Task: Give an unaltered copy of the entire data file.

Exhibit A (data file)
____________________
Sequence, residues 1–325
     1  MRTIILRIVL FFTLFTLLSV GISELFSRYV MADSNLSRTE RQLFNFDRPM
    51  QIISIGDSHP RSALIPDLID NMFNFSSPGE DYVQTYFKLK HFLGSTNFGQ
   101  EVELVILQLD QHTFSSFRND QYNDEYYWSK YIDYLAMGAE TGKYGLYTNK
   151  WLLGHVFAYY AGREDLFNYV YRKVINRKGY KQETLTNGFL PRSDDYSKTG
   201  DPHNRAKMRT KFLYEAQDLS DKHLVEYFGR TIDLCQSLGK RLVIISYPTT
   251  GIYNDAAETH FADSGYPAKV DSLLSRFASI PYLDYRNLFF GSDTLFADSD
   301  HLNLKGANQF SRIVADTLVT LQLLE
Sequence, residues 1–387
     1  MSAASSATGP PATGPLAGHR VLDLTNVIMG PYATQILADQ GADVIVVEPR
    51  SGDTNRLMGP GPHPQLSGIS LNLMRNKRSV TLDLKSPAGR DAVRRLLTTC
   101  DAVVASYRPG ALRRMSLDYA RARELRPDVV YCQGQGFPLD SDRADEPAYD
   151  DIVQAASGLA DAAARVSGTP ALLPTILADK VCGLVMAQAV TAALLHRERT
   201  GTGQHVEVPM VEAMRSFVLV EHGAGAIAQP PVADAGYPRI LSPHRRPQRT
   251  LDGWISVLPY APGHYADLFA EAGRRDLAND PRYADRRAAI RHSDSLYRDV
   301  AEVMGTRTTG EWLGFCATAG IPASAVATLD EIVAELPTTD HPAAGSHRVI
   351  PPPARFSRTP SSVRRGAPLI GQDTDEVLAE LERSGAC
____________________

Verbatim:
Sequence, residues 1–325
     1  MRTIILRIVL FFTLFTLLSV GISELFSRYV MADSNLSRTE RQLFNFDRPM
    51  QIISIGDSHP RSALIPDLID NMFNFSSPGE DYVQTYFKLK HFLGSTNFGQ
   101  EVELVILQLD QHTFSSFRND QYNDEYYWSK YIDYLAMGAE TGKYGLYTNK
   151  WLLGHVFAYY AGREDLFNYV YRKVINRKGY KQETLTNGFL PRSDDYSKTG
   201  DPHNRAKMRT KFLYEAQDLS DKHLVEYFGR TIDLCQSLGK RLVIISYPTT
   251  GIYNDAAETH FADSGYPAKV DSLLSRFASI PYLDYRNLFF GSDTLFADSD
   301  HLNLKGANQF SRIVADTLVT LQLLE
Sequence, residues 1–387
     1  MSAASSATGP PATGPLAGHR VLDLTNVIMG PYATQILADQ GADVIVVEPR
    51  SGDTNRLMGP GPHPQLSGIS LNLMRNKRSV TLDLKSPAGR DAVRRLLTTC
   101  DAVVASYRPG ALRRMSLDYA RARELRPDVV YCQGQGFPLD SDRADEPAYD
   151  DIVQAASGLA DAAARVSGTP ALLPTILADK VCGLVMAQAV TAALLHRERT
   201  GTGQHVEVPM VEAMRSFVLV EHGAGAIAQP PVADAGYPRI LSPHRRPQRT
   251  LDGWISVLPY APGHYADLFA EAGRRDLAND PRYADRRAAI RHSDSLYRDV
   301  AEVMGTRTTG EWLGFCATAG IPASAVATLD EIVAELPTTD HPAAGSHRVI
   351  PPPARFSRTP SSVRRGAPLI GQDTDEVLAE LERSGAC